– Packaging Colors


I’ve always noticed packaging for products will include little circles or boxes that have the colors used on the packaging. Why is that?

In: 2

Those are often used by the printers as a way to check the ink levels. They have a device that scans those boxes and circles and compares them to what they are supposed to look like, so that if one of the ink levels is low, they’d immediately be able to tell and not accidentally print tons of copies without red ink for instance.

They are test patterns to check the print quality on the manufacturing line. Individual colors to make sure none are running out of ink. Overlaid colors to make sure there are no left/right up/down shifts between colors.

They’re typically test patches for the different inks used on the packaging. It’s usually done that all of one colour will be printed on the package, then all of the next. Having a circle that’s just meant to be one colour of a set intensity makes it really easy to tell if somethings going wrong with the ink or something

In addition to what has been said, the black boxes and rectangles are for the machine that feeds the cardboard box through to align with the die cutter so the machine can cut the box in the right spots… They’re essentially used for squaring and positioning the packing before cutting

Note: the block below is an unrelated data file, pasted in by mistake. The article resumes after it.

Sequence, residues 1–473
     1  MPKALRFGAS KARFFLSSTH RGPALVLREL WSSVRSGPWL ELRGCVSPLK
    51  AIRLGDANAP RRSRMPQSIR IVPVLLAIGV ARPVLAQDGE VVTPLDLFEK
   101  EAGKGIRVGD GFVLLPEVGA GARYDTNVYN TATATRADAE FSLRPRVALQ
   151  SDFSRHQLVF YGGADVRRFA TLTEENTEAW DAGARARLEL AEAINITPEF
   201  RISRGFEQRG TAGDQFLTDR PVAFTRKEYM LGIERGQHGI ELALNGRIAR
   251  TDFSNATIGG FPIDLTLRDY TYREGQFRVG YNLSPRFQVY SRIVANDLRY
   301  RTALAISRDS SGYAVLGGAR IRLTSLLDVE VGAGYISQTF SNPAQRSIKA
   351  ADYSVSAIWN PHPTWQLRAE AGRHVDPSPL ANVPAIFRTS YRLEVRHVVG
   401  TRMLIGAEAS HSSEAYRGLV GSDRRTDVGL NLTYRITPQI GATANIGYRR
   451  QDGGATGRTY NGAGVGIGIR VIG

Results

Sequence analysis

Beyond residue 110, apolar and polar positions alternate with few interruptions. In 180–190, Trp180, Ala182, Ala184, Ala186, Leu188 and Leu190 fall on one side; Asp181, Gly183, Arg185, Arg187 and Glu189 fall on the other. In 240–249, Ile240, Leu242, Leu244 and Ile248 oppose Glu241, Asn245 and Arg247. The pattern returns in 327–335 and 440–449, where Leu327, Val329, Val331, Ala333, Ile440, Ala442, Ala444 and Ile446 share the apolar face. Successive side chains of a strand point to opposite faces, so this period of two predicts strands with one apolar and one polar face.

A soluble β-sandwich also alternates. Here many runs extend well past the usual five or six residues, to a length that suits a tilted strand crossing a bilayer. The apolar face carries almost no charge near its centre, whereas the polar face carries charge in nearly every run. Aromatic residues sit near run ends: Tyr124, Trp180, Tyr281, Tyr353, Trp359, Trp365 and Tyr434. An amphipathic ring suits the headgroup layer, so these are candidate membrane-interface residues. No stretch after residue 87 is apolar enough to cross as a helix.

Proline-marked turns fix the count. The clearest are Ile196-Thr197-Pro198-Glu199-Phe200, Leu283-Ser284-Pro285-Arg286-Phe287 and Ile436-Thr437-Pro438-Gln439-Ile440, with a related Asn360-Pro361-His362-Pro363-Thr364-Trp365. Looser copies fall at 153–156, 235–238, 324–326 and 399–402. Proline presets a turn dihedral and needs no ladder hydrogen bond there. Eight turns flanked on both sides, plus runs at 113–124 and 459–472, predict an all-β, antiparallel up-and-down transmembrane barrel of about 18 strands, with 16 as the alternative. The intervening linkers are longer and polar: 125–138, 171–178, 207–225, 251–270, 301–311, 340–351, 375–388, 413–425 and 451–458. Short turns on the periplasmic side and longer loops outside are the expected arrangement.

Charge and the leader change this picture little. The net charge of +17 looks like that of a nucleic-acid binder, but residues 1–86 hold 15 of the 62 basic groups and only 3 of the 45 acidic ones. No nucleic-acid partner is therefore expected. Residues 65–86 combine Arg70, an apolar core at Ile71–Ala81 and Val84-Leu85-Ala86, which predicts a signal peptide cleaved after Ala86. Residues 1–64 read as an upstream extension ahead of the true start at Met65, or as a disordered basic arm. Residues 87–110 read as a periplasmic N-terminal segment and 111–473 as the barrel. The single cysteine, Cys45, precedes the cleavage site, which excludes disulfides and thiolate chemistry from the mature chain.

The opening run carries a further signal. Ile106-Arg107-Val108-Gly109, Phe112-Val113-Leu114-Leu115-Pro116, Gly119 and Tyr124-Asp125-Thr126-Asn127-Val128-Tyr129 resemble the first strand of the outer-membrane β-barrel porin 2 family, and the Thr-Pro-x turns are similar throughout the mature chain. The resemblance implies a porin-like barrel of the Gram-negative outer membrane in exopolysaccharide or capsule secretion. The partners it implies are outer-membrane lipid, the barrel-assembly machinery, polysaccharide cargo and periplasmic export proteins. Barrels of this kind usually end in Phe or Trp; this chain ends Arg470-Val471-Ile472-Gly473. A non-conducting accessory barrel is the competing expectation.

Additional: A densitometer can read the color swatches to determine the ink thickness of that specific color, which determines the color quality of the image being printed.

An example would be that if the thickness of the magenta ink is too thick (reads as 4.0 and should be 3.5) everything will print with a red-ish cast. Adjusting the magenta ink to the proper thickness will correct the problem, allowing the image to print as intended.

There are usually additional symbols and graphics to assist with registration (aligning the individual color plates to each other), trim and fold marks, color identification symbology (the cyan plate has the word “cyan” or just “c” for example), and specialized “progressive” color structures (cyan+magenta, yellow+magenta, etc.) used for custom applications.

Edit: This assumes that the printing method is offset lithography or similar method (Heliogravure, for example). Improving technologies (such as variable data and in-run digital imaging) and the practical economy of scale have created shorter run niche markets for inkjet and xerography (A.K.A. digital printing) to be a cost effective alternative to traditional printing methodologies for packaging. While both Inkjet and xerography both use “multi-colored dithering” (ink or toner) to effectuate a similar result, adjustments to image quality in order achieve optimal image fidelity is managed via specialized software, rather than adjusting ink density, as is done on an offset press during a production run. You will likely not see registration marks or color swatches on materials printed this way.